Background: Vertebroplasty is a minimally invasive procedure demonstrated to be safe and effective in the treatment of painful osteoporotic and malignancy related fractures when performed in the thoracolumbar spine. Multiple randomized and nonrandomized reports have demonstrated its effectiveness. Conversely, transoral vertebroplasty (TOV) to treat the second cervical vertebra (C2) has been described in only a few case reports. Objectives: Prospective evaluation of clinical results of TOV performed in malignant painful osteolytic lesions of C2. Study Design: TOV was performed in 25 consecutive patients suffering from high-grade cervical pain due to malignant involvement of C2 who failed conservative therapies and did not have surgical indications. Follow-up was prospectively evaluated with clinical interviews in all patients. The Internal Review Board approved this study. Setting: Institute for Cancer Research and Treatment Methods: Twenty-five patients (16 women and 9 men; mean age 59.3 ± 11.5) suffering from a painful malignant involvement of C2 who did not respond to conventional therapies and did not have surgical indications, underwent TOV for pain palliation. The procedure was performed under general anesthesia with combined digital fluoroscopy and computed tomography guidance. After a beveled vertebroplasty needle was manually advanced up to the posterior odontoid wall, bone cement was injected under continuous digital fluoroscopic control. Patients were discharged from the hospital the next procedural day. The Visual Analog Scale (VAS) for pain, analgesic requirement, and use of external cervical cast support were used for evaluating efficacy. The main end point was safety and efficacy at day 15 after the procedure. Furthermore, all the patients were scheduled to be followed-up at months one, 3, and 6, and every 6 months thereafter. Results: The median pretreatment VAS of 8 (range 5-10) significantly dropped (P <0.0001) to 0 (range 0-10), with 20 patients (80%) achieving complete pain relief at day 15 after TOV. Differences in pre- and post-treatment analgesic therapy were significant (P <0.001). Twentythree patients no longer used a cervical cast after TOV (92%, P <0.001). At median overall follow-up of 16 months (range 6-60 months), the projected proportion of patients free from worsening pain at 6, 12, and 24 months was 96%, 96% and 92% respectively. Limitations: A randomized study of only 25 patients. Conclusion: TOV is safe, effective, and long-lasting in the treatment of cervical pain resulting from malignant involvement of C2.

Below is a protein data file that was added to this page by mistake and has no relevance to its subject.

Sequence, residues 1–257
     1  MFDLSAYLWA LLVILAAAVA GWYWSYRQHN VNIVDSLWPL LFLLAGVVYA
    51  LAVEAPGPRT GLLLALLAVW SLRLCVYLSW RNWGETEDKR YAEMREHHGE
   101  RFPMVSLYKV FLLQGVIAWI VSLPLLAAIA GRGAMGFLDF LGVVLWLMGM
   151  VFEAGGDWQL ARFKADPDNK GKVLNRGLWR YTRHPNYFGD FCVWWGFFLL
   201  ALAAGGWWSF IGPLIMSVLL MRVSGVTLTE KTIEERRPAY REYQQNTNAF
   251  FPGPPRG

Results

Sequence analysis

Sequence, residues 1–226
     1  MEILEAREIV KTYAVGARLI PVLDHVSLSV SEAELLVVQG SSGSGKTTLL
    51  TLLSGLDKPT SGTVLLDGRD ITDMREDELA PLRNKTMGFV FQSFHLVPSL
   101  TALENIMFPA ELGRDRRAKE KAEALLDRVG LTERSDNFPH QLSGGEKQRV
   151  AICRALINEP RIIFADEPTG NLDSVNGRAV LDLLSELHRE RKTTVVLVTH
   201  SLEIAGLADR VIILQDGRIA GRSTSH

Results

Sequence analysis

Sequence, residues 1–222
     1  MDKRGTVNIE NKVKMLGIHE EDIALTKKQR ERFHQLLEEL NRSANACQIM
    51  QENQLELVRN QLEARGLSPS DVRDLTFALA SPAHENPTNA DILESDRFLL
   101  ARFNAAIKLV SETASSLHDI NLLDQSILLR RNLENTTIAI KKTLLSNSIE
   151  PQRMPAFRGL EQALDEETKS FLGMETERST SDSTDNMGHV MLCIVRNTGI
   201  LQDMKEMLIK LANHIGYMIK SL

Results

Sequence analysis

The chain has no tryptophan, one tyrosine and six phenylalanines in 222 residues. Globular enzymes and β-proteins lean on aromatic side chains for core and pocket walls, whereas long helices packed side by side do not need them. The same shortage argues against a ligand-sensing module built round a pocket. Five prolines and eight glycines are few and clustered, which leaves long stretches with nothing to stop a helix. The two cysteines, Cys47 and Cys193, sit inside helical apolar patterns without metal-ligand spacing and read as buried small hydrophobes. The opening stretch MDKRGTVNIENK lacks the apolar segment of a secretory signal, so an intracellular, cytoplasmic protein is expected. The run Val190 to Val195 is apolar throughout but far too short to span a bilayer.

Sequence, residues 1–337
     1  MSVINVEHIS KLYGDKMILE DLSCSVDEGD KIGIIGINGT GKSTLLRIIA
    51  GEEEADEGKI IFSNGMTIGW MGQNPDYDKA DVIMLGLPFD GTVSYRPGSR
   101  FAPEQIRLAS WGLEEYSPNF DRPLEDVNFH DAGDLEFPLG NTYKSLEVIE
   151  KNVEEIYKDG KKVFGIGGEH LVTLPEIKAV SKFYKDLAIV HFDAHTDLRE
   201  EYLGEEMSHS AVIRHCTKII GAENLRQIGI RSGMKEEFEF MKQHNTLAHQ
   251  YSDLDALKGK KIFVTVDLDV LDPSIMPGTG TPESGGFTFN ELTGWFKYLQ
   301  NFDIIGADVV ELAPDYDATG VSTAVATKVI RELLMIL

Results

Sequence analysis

|Number of pages||8|
|Publication status||Published - Jan 2012|
- Cervical spine
ASJC Scopus subject areas
- Anesthesiology and Pain Medicine